Tacoma woman's historic 'Price is Right' win started with Prada

Staff writerJanuary 7, 2014 

Sheree Heil knows her shoes.

And that, says the 58-year-old Tacoma nurse, is how she was in a position to win a $157,300 car, making her the biggest daytime winner in the history of “The Price is Right” TV game show.

“It’s all still new and fresh and very unexpected, with a windfall like that,” Heil said this week. “Just a domino effect of all the coincidences that have led me to this blessing I have received.”

Heil was in the audience of about 150 when the show was filmed Dec. 9. A producer interviewed them all before the cameras rolled. 

In her hot pink “Price is Right” shirt, “I just started jumping up and down: ‘I’m a nurse in the operating room, I’m so excited to be here!’ ” she recalled. “He said: ‘You don’t look excited to be here at all,’ and I said, ‘Oh, I’m not,’ in a rhetorical sort of way.”

She was picked as one of six contestants for that day’s show. But she had to earn her way onto the stage: To qualify, she had to beat four others by giving the closest estimate — without guessing too high — of the price of some random merchandise.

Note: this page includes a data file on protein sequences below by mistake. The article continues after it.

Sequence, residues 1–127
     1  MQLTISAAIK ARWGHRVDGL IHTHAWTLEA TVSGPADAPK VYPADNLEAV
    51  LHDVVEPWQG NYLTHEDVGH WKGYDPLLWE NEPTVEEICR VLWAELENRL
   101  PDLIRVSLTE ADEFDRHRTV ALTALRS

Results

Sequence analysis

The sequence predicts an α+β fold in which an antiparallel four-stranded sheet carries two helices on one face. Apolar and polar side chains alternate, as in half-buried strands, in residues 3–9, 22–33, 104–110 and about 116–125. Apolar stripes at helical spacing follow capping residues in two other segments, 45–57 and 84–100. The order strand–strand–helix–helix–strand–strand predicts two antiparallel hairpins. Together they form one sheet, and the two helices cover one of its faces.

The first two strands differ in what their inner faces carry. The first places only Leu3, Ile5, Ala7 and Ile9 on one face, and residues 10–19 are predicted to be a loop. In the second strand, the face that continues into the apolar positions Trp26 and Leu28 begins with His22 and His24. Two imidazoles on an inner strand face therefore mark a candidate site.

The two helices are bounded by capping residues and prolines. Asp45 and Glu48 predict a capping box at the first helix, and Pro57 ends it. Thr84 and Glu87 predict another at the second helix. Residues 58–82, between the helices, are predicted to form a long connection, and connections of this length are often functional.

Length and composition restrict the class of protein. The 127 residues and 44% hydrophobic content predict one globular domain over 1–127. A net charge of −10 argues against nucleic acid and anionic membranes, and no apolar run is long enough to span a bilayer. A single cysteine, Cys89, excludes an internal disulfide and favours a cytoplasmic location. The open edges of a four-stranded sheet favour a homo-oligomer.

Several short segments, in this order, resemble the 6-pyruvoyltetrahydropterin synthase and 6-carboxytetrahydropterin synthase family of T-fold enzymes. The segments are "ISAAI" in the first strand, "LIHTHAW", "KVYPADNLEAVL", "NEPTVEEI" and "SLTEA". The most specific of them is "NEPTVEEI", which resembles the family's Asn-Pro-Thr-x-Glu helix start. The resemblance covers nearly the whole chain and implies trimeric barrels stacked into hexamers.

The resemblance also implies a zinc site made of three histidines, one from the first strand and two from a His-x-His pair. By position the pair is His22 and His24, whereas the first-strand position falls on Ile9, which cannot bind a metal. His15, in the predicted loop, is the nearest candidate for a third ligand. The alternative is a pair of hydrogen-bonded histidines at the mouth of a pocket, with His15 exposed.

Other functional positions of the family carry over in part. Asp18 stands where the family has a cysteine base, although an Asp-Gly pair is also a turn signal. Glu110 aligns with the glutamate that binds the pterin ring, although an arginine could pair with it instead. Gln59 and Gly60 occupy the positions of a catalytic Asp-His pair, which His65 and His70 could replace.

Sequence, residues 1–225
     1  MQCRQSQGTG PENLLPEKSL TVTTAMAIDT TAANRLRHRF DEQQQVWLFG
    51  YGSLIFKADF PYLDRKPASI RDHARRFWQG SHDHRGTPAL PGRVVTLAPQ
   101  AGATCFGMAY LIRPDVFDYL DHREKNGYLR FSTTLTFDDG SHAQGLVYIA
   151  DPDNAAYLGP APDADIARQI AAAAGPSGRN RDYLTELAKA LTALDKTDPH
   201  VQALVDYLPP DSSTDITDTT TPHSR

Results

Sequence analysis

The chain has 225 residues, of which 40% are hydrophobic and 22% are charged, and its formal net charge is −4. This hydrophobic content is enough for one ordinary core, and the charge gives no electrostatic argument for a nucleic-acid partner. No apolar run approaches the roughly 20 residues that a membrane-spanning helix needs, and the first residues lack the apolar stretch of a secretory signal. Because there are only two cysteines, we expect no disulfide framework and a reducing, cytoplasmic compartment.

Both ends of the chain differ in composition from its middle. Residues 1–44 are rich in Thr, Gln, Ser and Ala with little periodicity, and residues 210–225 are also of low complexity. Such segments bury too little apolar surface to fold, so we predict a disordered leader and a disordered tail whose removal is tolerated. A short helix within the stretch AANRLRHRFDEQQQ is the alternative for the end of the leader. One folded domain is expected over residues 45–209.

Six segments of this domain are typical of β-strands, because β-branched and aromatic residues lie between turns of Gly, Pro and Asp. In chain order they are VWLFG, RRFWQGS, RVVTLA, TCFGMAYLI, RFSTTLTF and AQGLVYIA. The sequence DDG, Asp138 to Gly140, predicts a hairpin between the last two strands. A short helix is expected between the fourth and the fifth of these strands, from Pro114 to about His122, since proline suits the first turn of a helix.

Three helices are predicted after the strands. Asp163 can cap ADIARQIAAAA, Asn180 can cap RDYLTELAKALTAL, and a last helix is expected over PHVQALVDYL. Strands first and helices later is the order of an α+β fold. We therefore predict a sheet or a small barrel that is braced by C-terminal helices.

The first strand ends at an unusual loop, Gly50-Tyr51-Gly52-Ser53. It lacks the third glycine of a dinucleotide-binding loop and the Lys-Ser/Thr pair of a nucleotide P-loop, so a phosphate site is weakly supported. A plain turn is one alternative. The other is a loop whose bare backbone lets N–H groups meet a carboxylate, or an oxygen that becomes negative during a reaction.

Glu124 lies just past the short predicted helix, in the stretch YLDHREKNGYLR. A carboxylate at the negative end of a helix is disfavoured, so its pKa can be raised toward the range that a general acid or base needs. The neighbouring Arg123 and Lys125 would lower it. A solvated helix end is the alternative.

When a collection of Prada shoes showed up, Heil knew it was her best shot.

“I know my shoes,” she thought to herself.

She did, guessing $2,300, the closest bid to the $3,045 cost for four pairs. Heil got to keep the shoes, which were just the beginning of her winning streak.

She ran up on stage and hugged, kissed and jumped up and down with host Drew Carey, who in 2007 took over for the show’s longtime personality, Bob Barker.

She was there to play the game Gas Money, Carey told her, in which contestants guess, by process of elimination, the price of a vehicle. Told she’d be playing for an Audi R8 V8 Spyder Quattro S Tronic, Heil gasped for breath and snuggled tight against Carey’s chest.

She had five prices to choose from, and on the back of each card was an amount of cash listed, totaling $10,000. With each false price she identified, Heil could take the money and walk. If she kept playing, she risked losing it all in hope of getting the car and $10,000.